Glenn set to blast into space again at 77 NASA expected to put senator on Oct. flight

January 16, 1998|By Susan Baer | Susan Baer,SUN NATIONAL STAFF

WASHINGTON SUN STAFF WRITERS TOM BOWMAN, CARL M. CANNON AND MARK MATTHEWS CONTRIBUTED TO THIS ARTICLE. — WASHINGTON -- NASA is expected to announce today that Sen. John Glenn, who became a hero 36 years ago as the first American to orbit Earth, will return to space in October as part of the shuttle Discovery mission.

Glenn, who will turn 77 in July, would become the oldest person ever to go into space.

He has been asking the space agency for several years for the opportunity, arguing that he could be an in-flight subject for tests that might shed light on the aging process.

The National Aeronautics and Space Administration declined to confirm yesterday that Glenn would be returning to space, but it scheduled a news conference for today that Glenn planned to attend.

The senator, too, refrained from commenting yesterday.

But, met by a gaggle of reporters outside his Capitol Hill office, he said cheerfully: "I can understand there is a great deal of interest in this matter, but today I just don't have any comment on it.

"I look forward to discussing this at the appropriate time."

The Ohio Democrat, a senator since 1975 who plans to retire at the end of this year, is said to be fit enough to meet NASA's standards for space flight.

He pilots his own twin-engine plane between Washington and Ohio every week and set a speed record in 1996.

He lifts weights and takes a brisk two-mile walk every day in his neighborhood in Potomac.

NASA Administrator Daniel S. Goldin, who will preside at today's news conference, has said that in considering Glenn's request, he would weigh safety considerations and the scientific merit of sending a septuagenarian into space.

Glenn's participation could provide insights into a number of physical conditions that seem to be caused both by aging and by the weightlessness of space, such as the weakening of a person's heart and bones.

NASA has recently been working with the National Institute on Aging and has held discussions, encouraged by Glenn, on gerontological research.

Richard Sprott, head of the biology of aging program at the institute, said, "If we can help the astronaut, whatever means we use to do that could help us with older people as well."

Glenn has been openly lobbying NASA for three years for the opportunity to return to space, offering himself as a "guinea pig" for a study of osteoporosis and changes in the body's immune system during aging.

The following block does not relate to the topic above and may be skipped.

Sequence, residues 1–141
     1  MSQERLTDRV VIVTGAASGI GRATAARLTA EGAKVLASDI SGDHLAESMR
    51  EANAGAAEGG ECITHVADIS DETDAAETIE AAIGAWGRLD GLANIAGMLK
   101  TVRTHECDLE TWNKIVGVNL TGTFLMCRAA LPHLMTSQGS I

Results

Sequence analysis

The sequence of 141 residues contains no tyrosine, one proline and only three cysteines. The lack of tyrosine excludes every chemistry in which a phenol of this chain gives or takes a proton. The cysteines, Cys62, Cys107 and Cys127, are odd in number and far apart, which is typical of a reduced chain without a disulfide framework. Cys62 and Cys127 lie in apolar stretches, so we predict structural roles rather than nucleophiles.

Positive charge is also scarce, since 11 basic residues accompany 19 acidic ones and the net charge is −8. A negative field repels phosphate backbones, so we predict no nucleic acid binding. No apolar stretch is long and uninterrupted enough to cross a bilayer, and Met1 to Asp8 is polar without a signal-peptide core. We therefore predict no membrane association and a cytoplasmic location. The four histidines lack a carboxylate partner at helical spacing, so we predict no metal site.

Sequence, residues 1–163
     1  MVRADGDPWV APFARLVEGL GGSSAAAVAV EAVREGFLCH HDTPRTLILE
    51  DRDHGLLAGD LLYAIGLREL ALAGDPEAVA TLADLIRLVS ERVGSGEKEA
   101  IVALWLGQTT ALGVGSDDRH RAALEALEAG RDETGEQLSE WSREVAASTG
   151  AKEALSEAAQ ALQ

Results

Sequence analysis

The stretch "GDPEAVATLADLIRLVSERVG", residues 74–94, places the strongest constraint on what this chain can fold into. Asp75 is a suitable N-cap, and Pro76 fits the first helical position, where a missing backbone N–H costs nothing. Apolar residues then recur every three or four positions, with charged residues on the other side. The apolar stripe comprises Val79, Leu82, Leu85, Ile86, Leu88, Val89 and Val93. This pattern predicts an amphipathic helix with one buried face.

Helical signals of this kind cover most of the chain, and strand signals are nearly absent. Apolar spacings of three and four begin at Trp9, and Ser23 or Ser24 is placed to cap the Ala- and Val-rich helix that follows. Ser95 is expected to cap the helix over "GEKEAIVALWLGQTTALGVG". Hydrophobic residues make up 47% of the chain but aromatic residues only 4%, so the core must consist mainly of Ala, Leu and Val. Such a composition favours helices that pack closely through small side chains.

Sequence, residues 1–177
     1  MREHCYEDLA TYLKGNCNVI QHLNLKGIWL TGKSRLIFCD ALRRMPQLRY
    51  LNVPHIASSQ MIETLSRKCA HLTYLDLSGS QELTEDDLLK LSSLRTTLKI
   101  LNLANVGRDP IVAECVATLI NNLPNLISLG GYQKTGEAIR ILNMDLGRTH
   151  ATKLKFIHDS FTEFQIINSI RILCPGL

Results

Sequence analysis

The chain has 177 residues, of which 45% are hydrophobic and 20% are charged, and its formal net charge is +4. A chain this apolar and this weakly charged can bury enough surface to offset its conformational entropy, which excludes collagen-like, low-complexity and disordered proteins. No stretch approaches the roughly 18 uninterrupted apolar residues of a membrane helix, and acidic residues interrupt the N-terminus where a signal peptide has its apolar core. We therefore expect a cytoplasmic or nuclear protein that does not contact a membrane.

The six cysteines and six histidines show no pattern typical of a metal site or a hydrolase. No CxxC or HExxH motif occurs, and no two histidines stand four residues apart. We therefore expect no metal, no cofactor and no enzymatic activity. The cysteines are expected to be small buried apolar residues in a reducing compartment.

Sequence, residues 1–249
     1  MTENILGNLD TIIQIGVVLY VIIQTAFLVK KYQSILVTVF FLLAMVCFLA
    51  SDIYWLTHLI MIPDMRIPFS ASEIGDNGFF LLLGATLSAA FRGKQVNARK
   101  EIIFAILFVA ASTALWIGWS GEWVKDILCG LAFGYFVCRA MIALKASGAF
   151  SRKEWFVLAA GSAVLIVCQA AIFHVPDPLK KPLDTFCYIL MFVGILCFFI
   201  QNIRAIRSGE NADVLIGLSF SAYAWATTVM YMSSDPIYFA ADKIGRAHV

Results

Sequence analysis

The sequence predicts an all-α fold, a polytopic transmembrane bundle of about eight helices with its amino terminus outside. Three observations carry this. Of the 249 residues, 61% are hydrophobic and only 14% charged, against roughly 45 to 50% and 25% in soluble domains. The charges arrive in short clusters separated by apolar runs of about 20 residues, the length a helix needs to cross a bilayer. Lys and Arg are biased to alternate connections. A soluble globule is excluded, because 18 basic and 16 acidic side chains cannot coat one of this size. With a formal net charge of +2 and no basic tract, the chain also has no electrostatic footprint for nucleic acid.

Last summer, Glenn spoke about this desire on NBC's "Meet the Press."

"You put a series of people up over several years, and you come out with a database that might be extremely valuable to the 44 million Americans that are over the age of 60 right now," Glenn said.

"There is very good scientific reason for putting someone back up there again. And obviously I'd be interested in being that somebody if they decide to do this."

His flight would require NASA to change its policy against civilians in space, established after the 1986 Challenger explosion that killed Christa McAuliffe, a teacher from New Hampshire.

Glenn, one of the original Mercury astronauts, became the third American to go into space -- and the first to orbit the planet -- in February 1962, with his nearly five-hour voyage aboard his spacecraft, nicknamed Friendship 7.

His space capsule is an attraction at the Smithsonian's National Air and Space Museum here.

Glenn's backup for his historic flight, M. Scott Carpenter, now 72, said yesterday that he was thrilled -- and envious.

"It's a marvelous opportunity," said Carpenter, who orbited Earth in May 1962. "If you see him, tell him I'm green-eyed."

L. Gordon Cooper Jr., 70, another of the original Mercury 7 astronauts, also welcomed the news and said he, too, would gladly take Glenn's place. Cooper hasn't been in space since 1965.

"Nobody asked me to put my name in," he said in a phone interview. "I'd go up in a second. I still fly anything I can find."

Dr. Robert B. Voas, the former NASA psychologist who was a member of the team that selected Glenn and the other six Mercury program astronauts, said Glenn's age "underscores an important milestone for the space program."

In the early days of space exploration, Voas said, NASA refused to send anyone over 30 into space.

Voas, who has remained close to Glenn over the years, said that this restriction was one of the reasons why Glenn -- at 39, the oldest of the original Mercury seven in 1962 -- left NASA for a career in business and then politics.

"This is a mark of how far our space program has progressed," Voas said. "At the beginning, NASA wouldn't take anyone who was 40. "Now it's considered safe to take a 76-year-old into space."

Many applauded the NASA decision, which they said could rTC dispel perceptions about the limits of senior citizens.

"It should be inspirational," said retired Vice Adm. William P. Lawrence, a former superintendent of the Naval Academy who flew with Glenn as a fellow test pilot at Patuxent River Naval Air Station in the 1950s.

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